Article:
Boosting job creation in South Asia

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Photo of workers at a factory in Dhaka, Bangladesh. Photo: Sk Hasan Ali/Shutterstock.com
Workers at a factory in Dhaka, Bangladesh. Photo: Sk Hasan Ali/Shutterstock.com

Between 18 to 20 million people join the working-age population in South Asia, every year, but only a third to a half of them will be employed.  While the region is now the fastest growing in the world, too few of its people are engaged in or benefit from productive activities. So, what needs to be done? 

The first focus should be on women. South Asia’s very low female labor force participation is both a cause and symptom of the jobs deficit.  It is a cause because South Asia’s women are not seeking work outside the home; and a symptom because there aren’t enough jobs that will attract them outside the home. Around the world, female labor force participation rates have not moved much, but South Asia is the only region where they have significantly declined. Reversing this trend will require measures to increase job creation rates overall, as well as attention to factors that hold women back from seeking employment and being employed. 

Starting with job creation, South Asia has a limited window of opportunity to attract manufacturing jobs with the shift in global value chains – the so-called China + 1 strategy of multinationals - and should grab it. But current policies are too focused on providing subsidies, tax breaks and trade protection to attract manufacturing investment. Such policies may be costly and ineffective unless deeper structural issues that hamper investment are simultaneously addressed. These range from the cost of logistics, the availability of land, credit, and critical imports, to labor market regulations that make it costly to employ formal workers. Bangladesh’s relative success in developing its garments industry, following a period of accelerated economic reforms in the 1990s, provides some encouraging evidence.

While manufacturing offers excellent opportunities for on the job learning and has thus traditionally been the route to improved incomes for workers from rural, agricultural backgrounds, most future jobs will be created in services. The automation of manufacturing processes, East Asia’s dominance in many manufacturing value chains, and the shifting patterns of demand create an environment that favors service jobs. Policies to boost employment thus need to be broader than the current focus on manufacturing.

Charts showing employment to working age population in South Asia and East Asia and Pacific regions.

Organized retail, tourism and logistics, for example, are key sectors that could generate the jobs of the future. Developing health services, enabled by digital technologies, could be another win-win for South Asia, in particular for women, as demand is rising fast. The transition to high value regenerative agriculture may offer additional opportunities for income gains and job creation on and off the farm.  Bhutan and Nepal can benefit from development of their hydro potential and associated industries and services.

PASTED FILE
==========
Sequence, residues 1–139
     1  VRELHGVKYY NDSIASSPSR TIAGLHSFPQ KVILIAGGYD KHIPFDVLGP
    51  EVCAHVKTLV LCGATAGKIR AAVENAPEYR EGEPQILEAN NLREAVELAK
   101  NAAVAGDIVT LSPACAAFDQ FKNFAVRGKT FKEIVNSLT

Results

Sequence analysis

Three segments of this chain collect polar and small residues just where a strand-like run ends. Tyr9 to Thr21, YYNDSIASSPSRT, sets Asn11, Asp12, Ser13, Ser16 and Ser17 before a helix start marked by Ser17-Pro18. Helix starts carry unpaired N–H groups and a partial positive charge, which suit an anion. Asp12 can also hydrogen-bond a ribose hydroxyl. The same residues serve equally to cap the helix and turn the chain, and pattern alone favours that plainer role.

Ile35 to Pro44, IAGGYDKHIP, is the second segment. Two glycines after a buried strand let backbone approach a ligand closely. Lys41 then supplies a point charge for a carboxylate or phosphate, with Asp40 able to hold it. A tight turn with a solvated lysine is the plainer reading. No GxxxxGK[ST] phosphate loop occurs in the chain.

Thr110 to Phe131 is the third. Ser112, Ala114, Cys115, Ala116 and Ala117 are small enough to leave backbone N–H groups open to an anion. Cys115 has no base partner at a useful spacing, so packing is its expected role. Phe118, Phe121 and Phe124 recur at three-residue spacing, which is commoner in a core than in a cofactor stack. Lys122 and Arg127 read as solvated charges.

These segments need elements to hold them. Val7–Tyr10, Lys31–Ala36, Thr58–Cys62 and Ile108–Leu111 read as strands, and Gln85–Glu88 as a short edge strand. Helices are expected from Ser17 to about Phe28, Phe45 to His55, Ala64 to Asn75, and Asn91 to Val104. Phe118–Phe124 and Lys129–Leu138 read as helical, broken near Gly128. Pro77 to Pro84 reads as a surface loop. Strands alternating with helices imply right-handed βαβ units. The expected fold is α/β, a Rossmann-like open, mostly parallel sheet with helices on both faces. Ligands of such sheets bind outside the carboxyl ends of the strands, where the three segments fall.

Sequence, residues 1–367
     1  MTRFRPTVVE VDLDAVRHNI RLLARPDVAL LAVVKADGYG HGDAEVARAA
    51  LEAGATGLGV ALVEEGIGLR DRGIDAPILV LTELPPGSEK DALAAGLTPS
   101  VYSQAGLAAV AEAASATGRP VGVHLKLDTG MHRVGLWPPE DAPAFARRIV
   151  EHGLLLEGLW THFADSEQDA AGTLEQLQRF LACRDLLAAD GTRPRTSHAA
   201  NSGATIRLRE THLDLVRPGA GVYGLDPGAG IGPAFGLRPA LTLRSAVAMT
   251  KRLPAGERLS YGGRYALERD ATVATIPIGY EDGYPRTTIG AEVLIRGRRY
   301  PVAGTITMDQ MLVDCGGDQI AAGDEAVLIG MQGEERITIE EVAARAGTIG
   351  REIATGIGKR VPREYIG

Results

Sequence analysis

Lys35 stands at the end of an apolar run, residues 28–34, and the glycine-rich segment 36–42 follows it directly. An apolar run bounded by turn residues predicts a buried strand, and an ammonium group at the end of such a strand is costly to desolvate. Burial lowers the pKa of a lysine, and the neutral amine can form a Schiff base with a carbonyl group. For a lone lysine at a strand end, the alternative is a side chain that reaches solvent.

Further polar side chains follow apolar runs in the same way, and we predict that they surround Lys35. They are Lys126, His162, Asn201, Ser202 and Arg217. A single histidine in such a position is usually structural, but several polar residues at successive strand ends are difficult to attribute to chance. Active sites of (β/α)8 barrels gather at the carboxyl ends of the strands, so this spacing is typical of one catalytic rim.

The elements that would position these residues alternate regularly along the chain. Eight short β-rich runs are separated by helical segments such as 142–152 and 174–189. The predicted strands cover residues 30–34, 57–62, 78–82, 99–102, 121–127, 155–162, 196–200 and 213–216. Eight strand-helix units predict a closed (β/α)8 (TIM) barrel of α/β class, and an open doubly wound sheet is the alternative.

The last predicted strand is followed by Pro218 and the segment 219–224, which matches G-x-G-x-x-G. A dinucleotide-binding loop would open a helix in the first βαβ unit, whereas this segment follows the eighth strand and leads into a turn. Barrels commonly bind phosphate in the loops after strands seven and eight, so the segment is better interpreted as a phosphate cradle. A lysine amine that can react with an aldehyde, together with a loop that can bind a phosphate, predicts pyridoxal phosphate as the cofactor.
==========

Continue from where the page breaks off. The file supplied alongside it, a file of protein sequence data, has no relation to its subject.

Harnessing job opportunities in all sectors has implications for policies. In much of South Asia, complicated regulations, often designed to protect the poor and small firms, have the unintended consequence of discouraging hiring of workers and expansion by firms.  A regular dialogue with the private sector can help identify key sector specific constraints. Moreover, distortions in capital and land markets favor bigger businesses and more capital-intensive investments and lead to much entrepreneurial talent remaining underutilized. The voice of small and informal businesses thus needs to be heard for employment policies to be fully effective.   

To ensure women benefit from these new opportunities, barriers that keep women from looking for a job or that make it especially challenging for women to remain in work, will also need to be lowered. Keeping girls in school provides the foundation.  But experience throughout South Asia shows that measures such as safe transport, harassment-free workplaces, and childcare can also play an important role.  Besides, the Rana Plaza tragedy in Bangladesh is a reminder of the importance of ensuring that labor’s voice is heard. 

Jump starting job creation will thus require a cross-cutting approach that brings together policy makers, the private sector, and workers. But so far, no entity in governments has been in charge of ensuring that growth is job rich. Diffuse accountability means efforts have so far remained uncoordinated, even though South Asian politicians know that job creation is a sure vote winner. 

One approach to change this is to use the concept of a Jobs Platform.  Recognizing that job creation will require different responses in the varied South Asian countries, and in some cases within the countries, a jobs platform is a framework that covers the many issues that can affect job creation, while recognizing that progress can be made without needing to tackle all issues at once in every context. A focus on jobs-rich sectors helps define the scope of the challenge and identify the most immediate priorities.  A focus on implementation will move stakeholders from plans to action. And a focus on monitoring will help ensure accountability for results. 

 

This blog is part of a series that explores examples of policies, investments, and partnerships that are delivering results and that could be scaled to match the ambition of the World Bank's new playbook for South Asia

Authors

Mathew Verghis

South Asia Regional Director for Equitable Growth, Finance and Institutions, World Bank

Meriem Ait Ali Slimane

Senior Economist, World Bank

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